A rugby kick-off takes place when you start or restart a rugby game - know where you kick the ball and why - it`s important!
You start each half of the game with a drop kick. You also restart in the same manner after each score.
All players must be behind the ball when it`s kicked - so always stay behind the kicker!
If you`re the kicker, be sure all players are behind you before you kick.
These kicks are taken from the middle of the field
The 10m line indicates how far the ball must travel when the kick is taken. Read about the 10m line on the rugby field page
If the ball is blown back it still counts.
The opposition may choose to play the ball even if it hasn't travelled the required distance.
When the ball has been 'made dead' in the ingoal area the game is restarted with a drop kick on the 22 metre line.
It`s called a 'drop out' and can be taken anywhere along the 22 metre line or behind it and all players must be behind the kicker.
For a '22 drop out' the drop kick simply has to cross the line before it can be caught or picked up.
For the kick-off from the centre of the half-way line you have a number of options
Keep the other side guessing - vary your kick - but make sure your players know where it`s going!
The attacking team knows where the ball is going. The defending team has to guess but is guided by the positioning of the attacking players.
When it`s your kick-off you will tend to kick so as to put the ball in front of the bulk of your forwards. This will improve your chances of regaining possession and reduce the risk of defenders breaking through when carrying the ball back, out towards you.
You also aim to cover right accross the field with your backs. This allows for the odd surprise attack and ensures the opposition have no easy route out of their territory when returning the kick.
All players must be behind the kicker when the kick is made. Then you charge up the field, maintaininng your position relative to your team mates so as to provide a solid defensive pattern.
At the same time you must ensure that you advance at a rate and in a pattern that allows you to guard your own territory from advancing punting or chip kicking opposition players.
Actual player positioning on the ground for a rugby kick-off is normally similar to the pattern of the scrum/backs positioning at scrum time. The attacking team locks will tend to lead the charge for the ball because they are tallest and have the best chance of regaining possession.
A popular ploy is to sent your faster runners after the kick. They leap for the ball and tap it backwards to following support players.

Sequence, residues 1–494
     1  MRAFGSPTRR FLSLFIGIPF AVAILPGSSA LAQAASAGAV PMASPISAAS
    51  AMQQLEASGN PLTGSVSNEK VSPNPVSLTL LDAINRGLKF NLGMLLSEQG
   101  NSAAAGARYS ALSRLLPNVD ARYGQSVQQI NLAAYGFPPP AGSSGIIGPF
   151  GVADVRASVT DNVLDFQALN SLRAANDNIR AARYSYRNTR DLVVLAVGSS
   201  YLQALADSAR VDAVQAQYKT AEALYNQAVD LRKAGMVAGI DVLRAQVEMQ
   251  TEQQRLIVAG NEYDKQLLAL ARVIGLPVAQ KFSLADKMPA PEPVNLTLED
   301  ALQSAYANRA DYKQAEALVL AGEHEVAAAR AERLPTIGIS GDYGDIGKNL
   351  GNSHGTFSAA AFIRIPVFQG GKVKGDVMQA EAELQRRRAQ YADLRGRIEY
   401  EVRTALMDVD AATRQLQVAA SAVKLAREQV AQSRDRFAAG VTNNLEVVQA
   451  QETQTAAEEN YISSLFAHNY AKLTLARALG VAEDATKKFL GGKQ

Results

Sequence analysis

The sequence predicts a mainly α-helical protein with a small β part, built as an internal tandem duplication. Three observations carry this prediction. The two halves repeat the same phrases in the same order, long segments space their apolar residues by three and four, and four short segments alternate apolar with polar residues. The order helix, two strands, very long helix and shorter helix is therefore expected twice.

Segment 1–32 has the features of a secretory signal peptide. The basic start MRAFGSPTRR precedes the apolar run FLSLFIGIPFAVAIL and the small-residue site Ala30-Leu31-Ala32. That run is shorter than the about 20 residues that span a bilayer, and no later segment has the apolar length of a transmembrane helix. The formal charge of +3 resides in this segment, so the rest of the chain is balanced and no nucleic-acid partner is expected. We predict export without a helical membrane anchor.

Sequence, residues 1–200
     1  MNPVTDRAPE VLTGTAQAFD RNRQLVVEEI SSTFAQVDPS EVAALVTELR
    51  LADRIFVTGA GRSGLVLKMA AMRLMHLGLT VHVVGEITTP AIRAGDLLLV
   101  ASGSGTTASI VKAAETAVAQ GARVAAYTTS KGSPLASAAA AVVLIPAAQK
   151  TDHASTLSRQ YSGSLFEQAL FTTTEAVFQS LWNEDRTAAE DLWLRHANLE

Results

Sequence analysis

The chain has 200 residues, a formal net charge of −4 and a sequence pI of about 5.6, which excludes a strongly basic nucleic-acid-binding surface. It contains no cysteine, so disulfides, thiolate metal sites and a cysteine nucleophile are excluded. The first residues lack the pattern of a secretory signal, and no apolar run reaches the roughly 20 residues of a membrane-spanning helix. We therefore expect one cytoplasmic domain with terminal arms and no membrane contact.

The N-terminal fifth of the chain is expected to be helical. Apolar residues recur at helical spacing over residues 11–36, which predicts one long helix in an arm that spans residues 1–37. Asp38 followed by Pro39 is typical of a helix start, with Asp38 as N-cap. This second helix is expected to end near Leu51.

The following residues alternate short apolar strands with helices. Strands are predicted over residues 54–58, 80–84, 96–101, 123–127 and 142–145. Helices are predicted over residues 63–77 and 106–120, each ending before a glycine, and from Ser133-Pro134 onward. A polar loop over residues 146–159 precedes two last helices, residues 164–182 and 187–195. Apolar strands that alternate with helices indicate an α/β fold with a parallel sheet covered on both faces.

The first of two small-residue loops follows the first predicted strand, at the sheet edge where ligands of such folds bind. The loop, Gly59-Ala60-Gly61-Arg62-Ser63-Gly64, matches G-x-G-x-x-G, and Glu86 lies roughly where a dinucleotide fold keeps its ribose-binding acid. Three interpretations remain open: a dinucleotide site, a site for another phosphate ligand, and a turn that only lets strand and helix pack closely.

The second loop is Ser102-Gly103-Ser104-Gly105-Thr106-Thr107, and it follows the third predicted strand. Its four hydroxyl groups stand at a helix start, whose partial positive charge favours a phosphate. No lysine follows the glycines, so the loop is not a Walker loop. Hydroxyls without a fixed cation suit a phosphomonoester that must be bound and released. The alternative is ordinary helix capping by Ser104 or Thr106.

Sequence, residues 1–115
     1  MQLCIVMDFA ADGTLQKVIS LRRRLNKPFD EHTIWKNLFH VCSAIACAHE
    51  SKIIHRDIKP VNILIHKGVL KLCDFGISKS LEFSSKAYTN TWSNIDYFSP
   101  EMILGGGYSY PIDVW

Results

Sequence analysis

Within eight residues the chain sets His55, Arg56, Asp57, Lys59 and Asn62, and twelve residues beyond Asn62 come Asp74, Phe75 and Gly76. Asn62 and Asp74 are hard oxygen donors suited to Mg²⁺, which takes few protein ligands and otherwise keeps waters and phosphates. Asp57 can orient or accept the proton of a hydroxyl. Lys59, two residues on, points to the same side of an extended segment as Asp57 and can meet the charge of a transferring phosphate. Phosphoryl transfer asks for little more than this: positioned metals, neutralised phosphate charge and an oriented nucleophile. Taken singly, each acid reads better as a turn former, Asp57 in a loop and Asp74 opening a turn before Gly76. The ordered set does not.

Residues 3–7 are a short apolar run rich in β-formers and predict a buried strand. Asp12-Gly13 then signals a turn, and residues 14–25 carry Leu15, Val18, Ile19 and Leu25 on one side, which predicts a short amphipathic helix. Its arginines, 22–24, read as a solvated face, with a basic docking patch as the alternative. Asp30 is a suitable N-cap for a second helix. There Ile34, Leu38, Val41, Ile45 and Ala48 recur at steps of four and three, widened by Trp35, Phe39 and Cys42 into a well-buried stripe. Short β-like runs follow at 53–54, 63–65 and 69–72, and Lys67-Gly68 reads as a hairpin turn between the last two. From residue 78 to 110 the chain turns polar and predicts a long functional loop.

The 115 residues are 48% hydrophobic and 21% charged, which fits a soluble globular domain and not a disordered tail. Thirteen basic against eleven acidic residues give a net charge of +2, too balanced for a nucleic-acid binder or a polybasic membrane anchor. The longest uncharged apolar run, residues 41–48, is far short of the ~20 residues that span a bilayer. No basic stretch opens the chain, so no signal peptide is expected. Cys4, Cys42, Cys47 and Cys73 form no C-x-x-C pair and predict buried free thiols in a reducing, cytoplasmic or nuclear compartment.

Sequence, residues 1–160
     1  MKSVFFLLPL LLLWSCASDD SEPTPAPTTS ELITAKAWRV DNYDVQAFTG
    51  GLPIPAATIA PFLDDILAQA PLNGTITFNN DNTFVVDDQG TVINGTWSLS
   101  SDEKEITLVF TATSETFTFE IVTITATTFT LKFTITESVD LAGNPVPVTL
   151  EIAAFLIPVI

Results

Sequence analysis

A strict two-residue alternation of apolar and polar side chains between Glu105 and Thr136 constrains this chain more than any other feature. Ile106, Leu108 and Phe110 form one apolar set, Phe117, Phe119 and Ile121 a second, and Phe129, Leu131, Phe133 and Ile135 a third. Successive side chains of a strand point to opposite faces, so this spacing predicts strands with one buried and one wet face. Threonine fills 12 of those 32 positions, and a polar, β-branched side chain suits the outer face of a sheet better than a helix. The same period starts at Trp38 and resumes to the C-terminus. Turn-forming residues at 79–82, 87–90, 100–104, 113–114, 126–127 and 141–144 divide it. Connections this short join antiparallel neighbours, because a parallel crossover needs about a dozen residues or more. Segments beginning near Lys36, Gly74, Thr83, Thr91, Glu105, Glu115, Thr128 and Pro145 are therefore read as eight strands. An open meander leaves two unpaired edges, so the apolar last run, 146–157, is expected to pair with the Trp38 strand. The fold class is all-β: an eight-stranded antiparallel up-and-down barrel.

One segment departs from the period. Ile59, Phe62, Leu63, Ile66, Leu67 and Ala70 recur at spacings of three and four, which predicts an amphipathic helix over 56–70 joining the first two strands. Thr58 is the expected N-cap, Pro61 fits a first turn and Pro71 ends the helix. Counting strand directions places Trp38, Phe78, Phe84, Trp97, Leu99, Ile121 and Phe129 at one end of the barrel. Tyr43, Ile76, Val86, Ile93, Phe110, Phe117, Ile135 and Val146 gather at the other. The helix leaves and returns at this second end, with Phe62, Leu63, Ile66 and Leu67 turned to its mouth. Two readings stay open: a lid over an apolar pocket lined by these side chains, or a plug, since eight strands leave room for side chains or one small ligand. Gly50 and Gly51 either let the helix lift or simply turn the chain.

The tap-back can be made at a greater height than an actual catch.
The defending team will tend to mirror the attacking team positioning. At higher levels defenders may be positiond slightly differently so that locks can be lifted to receive the kick.
Players about to receive kick-off
Above, player numbers have been added to the original image
This gives a clear indication of how team members are allocated positions at the kick-off, offering defence over the whole field.
Players tend to be positioned at the farther limits of their area as it is always easier to move towards the ball and catch it.
At this high level of rugby several potential pods of players have been positioned, each with a tall jumper and a stockier lifter/supporter.
They are 3(prop) and 5(lock) for the shorter kick-off. For the longer kick, 1(prop) and 4(lock). For a kick down the centre, flankers 6 and 7.
Players adjust to landing spot
When the ball has been kicked and the landing spot can be predicted, players adjust their positions and roles.
In the above image it has become clear the ball is going to the players on the 22m line so players in front are moving to support and assist.
Players at the centre and far side of the field adjust their positions so as to be behind the ball and able to assist in moving the ball.
They will also be 'on-side' and able to chase if a clearing kick is made.
Players combine to catch kick-off
In the above image the player going to catch the ball is now also assisted by the lifter no longer needed in the 3,5 player pairing.
Other players continue to fall back in support.
Frame grabs from Channel 10 coverage of Australia v Republic of South Africa, a Rugby Championship match on September 7th, 2013.